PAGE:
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Bridging the Technology & Filmmaking Gap

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My wife just asked me why I'm posting so many details about the mundane day-to-day stuff that I'm dealing with.

The first reason is for transparency sake -- Sometimes I'm debugging a problem and the site goes silent. I think it's better to keep everyone informed with what's going on even when there bad news or if I'm pulling my hair out trying to get something to work that probably has a really simple solution.

I also assume that a lot of the people reading this are skimming the posts for what they find interesting.

I also wanted to document the process for how I go about making this film for others who might want to try a similar approach.

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Instructions for Dr. Cline

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Hey Andy,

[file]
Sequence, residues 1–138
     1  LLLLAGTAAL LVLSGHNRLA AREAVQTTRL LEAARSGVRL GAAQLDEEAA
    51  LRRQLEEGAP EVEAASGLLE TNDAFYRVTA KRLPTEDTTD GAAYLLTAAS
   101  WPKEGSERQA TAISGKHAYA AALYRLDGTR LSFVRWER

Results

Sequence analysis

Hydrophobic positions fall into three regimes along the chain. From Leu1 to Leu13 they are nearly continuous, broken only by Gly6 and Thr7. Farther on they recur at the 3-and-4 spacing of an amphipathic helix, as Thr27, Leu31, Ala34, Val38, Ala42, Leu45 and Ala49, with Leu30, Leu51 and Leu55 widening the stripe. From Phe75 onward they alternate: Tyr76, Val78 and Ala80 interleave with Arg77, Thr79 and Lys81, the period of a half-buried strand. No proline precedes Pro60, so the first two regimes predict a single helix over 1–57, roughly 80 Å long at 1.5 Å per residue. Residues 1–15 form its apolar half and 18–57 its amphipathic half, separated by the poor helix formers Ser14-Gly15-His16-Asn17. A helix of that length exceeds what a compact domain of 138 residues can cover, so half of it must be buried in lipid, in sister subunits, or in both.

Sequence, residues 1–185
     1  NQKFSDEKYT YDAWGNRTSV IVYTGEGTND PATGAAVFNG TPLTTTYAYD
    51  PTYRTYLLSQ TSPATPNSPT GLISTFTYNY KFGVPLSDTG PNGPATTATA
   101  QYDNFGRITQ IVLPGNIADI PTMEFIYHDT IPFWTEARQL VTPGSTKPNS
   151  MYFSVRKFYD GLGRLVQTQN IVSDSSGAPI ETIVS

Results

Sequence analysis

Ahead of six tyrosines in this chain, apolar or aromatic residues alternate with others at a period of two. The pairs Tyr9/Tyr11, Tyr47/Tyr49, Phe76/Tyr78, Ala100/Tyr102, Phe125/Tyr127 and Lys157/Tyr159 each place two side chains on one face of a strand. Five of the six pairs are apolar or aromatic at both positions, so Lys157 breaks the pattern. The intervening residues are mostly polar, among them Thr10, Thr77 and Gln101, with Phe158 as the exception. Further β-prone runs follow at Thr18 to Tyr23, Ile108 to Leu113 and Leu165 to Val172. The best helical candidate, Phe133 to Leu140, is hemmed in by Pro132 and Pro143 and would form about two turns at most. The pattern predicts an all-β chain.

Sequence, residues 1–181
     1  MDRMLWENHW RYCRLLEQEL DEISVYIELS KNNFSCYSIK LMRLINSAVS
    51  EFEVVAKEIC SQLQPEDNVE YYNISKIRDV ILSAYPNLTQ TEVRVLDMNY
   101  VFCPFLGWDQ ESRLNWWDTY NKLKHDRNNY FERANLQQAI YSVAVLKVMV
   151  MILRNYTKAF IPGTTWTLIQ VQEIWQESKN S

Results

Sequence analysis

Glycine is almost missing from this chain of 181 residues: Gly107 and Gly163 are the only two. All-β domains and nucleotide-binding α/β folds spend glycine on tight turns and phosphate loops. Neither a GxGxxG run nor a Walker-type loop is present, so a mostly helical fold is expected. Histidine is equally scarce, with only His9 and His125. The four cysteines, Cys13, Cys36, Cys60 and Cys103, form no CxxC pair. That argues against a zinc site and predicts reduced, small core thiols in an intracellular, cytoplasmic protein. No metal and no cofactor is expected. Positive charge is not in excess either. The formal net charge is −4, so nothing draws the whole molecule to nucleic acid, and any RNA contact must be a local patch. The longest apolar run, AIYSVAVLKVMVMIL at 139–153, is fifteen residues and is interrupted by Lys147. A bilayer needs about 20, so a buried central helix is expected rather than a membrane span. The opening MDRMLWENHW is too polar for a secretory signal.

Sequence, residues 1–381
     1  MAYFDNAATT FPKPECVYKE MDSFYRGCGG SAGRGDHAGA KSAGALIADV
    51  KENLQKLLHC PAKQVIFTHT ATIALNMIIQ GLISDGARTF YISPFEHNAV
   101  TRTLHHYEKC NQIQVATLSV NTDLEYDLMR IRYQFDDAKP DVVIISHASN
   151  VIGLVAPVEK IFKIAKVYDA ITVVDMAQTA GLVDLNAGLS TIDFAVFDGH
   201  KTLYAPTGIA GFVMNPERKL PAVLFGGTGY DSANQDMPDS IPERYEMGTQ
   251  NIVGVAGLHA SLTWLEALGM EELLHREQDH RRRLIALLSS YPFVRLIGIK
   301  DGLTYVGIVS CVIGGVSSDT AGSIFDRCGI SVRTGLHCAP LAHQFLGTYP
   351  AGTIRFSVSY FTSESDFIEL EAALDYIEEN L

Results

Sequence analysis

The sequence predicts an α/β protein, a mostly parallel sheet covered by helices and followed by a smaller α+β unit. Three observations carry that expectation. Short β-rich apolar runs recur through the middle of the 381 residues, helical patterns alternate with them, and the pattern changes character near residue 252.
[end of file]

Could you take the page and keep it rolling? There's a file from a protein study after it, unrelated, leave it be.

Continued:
I started to respond to your e-mail, and then I decided to continue this conversation on the ECP site.

Now that I have Drupal up, we can start communicating more on the site. I wrote a blog entry called "Expanding from Windows into Cafes and Bridges" where I said:

Up until now, has served as a window for the production of this film for transparency's stake. It can now take it to the next level by treating it more like a cafe where conversations can happen within the internal blogs. It can also now serve more as a community of practice where this virtual space can be used more for collaboration.
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Expanding from Windows into Cafes and Bridges